Exciting stuff from Aldi this morning. Superficially, anyway.
The discounter, or “British supermarket”, as Aldi CEO Matthew Barnes described it this morning, served up record sales, record market share, an online debut and a fall in profits.
Everyone is used to hearing the first two. The last two, not so much. So how significant are they?
The major talking point was Aldi’s online debut, taking place “early next year”.
Barnes called it an “exciting new chapter”. And no question, rival supermarket CEOs will have sat up when they saw the ‘Aldi Online!’ headlines. But they will have all relaxed a little when they saw that Aldi is only selling wine.
Without underplaying the future significance of the move, if Aldi were planning to sell grocery proper that would be very interesting indeed. Amazon’s imminent entrance is already causing consternation among the big four. Throw Aldi into the mix and it would really shake things up.
But Aldi CEO Matthew Barnes insists online food isn’t on Aldi’s radar. So, in effect, Aldi is just testing out online by selling wine (although it should make a tidy return – it says it sells over 1,000 bottles of its well-reviewed Exquisite Collection every hour, with year-on-year sales up 40%).
And although it plans to add non-food special buys to its online offer in the spring, that’s no real drama for the supermarkets either. It’s as much a problem for Argos as it is for Asda.
The other major talking point was profit, or rather the lack of it.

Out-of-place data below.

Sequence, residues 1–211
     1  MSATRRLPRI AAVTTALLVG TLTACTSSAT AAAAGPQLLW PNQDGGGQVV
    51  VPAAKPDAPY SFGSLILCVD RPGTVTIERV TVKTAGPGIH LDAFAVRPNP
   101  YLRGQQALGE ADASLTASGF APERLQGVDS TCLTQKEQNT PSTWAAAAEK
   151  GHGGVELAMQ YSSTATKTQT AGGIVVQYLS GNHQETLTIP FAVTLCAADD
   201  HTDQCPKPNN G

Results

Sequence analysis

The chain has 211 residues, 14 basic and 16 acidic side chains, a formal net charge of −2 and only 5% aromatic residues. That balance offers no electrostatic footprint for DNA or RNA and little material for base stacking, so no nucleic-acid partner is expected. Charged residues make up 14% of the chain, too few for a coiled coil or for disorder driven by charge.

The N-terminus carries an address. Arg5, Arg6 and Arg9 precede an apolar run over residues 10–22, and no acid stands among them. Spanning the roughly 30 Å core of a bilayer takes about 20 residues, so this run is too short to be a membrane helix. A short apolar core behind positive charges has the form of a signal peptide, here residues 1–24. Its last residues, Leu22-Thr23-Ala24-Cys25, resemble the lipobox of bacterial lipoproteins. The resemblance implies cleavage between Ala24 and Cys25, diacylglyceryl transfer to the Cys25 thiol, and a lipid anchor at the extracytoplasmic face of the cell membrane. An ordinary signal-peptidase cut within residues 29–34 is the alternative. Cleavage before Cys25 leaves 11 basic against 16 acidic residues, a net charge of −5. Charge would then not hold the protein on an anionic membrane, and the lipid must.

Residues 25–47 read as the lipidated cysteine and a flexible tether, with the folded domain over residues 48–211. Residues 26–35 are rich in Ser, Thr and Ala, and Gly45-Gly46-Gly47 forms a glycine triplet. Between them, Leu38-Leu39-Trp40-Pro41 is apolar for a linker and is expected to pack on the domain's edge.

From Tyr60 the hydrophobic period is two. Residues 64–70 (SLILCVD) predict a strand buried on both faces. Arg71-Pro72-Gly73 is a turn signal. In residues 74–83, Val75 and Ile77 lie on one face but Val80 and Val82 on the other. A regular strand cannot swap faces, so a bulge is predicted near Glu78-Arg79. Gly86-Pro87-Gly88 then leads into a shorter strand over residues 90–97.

Last year, for 2013, pre-tax profits were up 65% and operating profit was up 58%. In 2014, pre-tax profits are down 3.9% (from £260.9m to £250.6m) and operating profit is down 4.1% (from £271.4m to £260.3m). So is this a ray of sunshine for Aldi’s embattled rivals?
No. Of course it’s highly unusual to see negative numbers from Aldi in very recent years, but 2014 profits were always likely to reflect the huge amounts Aldi has been spending on itself to keep up with demand from shoppers.
Aldi has had the fastest-growing sales of any grocer for the last 50 months, according to Kantar Worldpanel – sales hit £6.9bn in 2014, up from £5.3bn in 2013 and more than triple the £2.1bn when Barnes and Roman Heini took over as joint general managing directors in 2010. So it’s been spending hard to accommodate new customers, and existing ones buying more than before.
Last year Aldi spent a record £438m on new stores and DCs, a 60% increase on the £274m it spent in 2013. It also spent big on extensions, refits, extended car parks, thousands of new staff, advertising and sponsorship. And it spent £35m to launch online.
So far from celebrating the dip in profits, rivals will know Aldi is playing the long game. That isn’t particularly exciting. But it’s rarely a bad strategy.